Today is the last day of the annual AAST meeting, so I’ll wind up with one last abstract presented at this meeting.
PTSD can cause significant morbidity after trauma. Most centers manage this problem reactively, when the patient exhibits obvious symptoms in the hospital or after discharge. Wouldn’t it make more sense to screen for it routinely? Is there a way to figure out which patients are at higher risk?
The University of Pittsburgh prospectively screened 1,386 injured patients presenting to their followup clinic using the PTSD Checklist – Civilian (PCL-C) instrument. A score of>=35 has a sensitivity of 85% and was considered a positive result.
The authors found that more than 25% of their outpatient clinic patients met the threshold. The most common mechanism was assault, both blunt and penetrating. Younger age (<55), female gender and motor vehicle crash were also found to be predictors.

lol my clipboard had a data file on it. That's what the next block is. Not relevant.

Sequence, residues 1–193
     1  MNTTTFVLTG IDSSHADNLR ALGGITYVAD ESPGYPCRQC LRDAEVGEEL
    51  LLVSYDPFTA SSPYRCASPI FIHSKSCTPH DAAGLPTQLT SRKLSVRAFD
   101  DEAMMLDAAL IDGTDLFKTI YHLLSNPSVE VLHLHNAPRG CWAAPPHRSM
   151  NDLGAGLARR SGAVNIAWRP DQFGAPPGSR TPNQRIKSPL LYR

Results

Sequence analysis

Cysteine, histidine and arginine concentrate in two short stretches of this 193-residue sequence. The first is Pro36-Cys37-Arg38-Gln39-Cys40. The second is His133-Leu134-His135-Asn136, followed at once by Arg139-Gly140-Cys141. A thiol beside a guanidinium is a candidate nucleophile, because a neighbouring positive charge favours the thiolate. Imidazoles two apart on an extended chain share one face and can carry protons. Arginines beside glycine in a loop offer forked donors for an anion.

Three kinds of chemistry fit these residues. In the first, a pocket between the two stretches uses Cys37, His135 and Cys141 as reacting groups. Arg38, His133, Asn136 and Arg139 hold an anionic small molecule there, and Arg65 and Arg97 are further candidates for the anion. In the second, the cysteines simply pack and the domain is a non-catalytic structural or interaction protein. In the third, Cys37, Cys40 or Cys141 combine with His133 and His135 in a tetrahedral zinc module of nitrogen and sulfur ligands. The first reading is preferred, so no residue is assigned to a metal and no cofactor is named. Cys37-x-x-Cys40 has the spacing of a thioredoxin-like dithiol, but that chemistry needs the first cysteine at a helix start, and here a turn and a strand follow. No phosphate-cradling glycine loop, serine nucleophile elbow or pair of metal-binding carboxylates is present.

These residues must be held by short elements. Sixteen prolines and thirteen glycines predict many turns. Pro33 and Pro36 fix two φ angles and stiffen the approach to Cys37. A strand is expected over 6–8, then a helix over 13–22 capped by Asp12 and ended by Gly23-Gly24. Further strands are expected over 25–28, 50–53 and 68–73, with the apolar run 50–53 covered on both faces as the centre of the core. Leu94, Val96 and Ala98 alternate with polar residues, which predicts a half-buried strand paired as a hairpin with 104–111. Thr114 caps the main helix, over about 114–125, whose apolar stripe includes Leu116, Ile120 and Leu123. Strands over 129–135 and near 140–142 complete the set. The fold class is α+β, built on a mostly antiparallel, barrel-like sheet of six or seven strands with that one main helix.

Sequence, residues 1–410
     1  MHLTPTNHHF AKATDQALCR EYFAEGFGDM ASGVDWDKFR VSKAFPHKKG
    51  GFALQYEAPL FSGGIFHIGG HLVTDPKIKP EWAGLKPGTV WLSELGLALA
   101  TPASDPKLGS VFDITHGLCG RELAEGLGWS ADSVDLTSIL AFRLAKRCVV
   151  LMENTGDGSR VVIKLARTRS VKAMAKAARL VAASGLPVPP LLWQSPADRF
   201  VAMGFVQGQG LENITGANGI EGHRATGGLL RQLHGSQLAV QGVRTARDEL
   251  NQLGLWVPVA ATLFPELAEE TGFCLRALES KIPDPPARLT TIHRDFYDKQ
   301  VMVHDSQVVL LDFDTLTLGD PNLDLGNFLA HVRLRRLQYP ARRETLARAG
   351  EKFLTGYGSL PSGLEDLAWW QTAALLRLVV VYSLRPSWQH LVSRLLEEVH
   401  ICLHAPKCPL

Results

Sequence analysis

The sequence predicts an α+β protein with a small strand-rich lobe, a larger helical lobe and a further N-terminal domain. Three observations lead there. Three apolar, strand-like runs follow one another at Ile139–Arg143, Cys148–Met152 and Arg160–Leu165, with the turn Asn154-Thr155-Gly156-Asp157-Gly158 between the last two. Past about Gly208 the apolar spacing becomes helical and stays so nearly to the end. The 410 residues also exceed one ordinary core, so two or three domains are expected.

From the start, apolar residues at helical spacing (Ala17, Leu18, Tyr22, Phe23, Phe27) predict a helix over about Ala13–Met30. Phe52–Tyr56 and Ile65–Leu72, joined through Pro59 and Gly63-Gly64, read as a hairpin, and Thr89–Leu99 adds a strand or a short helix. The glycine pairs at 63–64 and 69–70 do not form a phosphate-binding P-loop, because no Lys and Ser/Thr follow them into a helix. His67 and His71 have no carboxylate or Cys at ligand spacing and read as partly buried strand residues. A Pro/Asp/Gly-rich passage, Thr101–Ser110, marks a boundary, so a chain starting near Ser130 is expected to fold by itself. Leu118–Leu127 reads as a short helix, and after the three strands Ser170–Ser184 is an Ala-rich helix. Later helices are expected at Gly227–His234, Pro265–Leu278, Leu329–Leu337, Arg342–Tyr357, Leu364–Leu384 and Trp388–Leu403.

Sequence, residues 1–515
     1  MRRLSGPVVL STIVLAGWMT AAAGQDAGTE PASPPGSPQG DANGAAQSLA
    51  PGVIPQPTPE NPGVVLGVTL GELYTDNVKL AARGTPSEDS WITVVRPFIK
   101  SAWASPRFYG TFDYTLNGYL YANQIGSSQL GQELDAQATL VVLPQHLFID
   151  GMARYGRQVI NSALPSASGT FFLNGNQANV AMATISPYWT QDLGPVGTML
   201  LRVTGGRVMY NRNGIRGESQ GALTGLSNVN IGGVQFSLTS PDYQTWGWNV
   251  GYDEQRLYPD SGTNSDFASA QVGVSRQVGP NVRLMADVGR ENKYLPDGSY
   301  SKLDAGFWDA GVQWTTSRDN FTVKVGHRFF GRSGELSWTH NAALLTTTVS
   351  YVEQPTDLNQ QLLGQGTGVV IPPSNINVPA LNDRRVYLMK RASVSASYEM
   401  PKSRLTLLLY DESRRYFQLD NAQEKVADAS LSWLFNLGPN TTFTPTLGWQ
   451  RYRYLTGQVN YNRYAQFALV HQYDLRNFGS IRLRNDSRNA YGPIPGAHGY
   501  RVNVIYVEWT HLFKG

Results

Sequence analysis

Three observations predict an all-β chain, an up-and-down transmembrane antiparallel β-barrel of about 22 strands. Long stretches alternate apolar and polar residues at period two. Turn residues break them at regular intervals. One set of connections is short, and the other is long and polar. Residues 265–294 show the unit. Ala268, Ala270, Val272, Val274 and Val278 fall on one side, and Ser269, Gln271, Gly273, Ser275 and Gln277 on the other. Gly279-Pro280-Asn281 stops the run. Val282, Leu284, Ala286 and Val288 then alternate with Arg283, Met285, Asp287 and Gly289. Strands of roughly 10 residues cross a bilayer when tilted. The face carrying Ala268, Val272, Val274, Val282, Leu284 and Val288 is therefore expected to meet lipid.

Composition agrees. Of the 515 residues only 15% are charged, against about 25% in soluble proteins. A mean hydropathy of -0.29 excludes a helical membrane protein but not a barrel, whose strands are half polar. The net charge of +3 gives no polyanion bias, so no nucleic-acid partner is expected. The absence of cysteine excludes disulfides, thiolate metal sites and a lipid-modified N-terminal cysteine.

Bottom line: Consider routine PTSD screening in patients with the listed risk factors, just like we perform routine TBI screening in patients with head injuries. The PCL-C is self-administered and takes only about 5 minutes to complete. The most reliable way is to send it home with your patient, with instructions to complete it before they see you or their primary physician in the outpatient clinic.
Reference: Predictors of post-traumatic stress disorder (PTSD) following civilian trauma: highest incidence and severity of symptoms after assault. AAST 2011 Annual Meeting, Paper 33.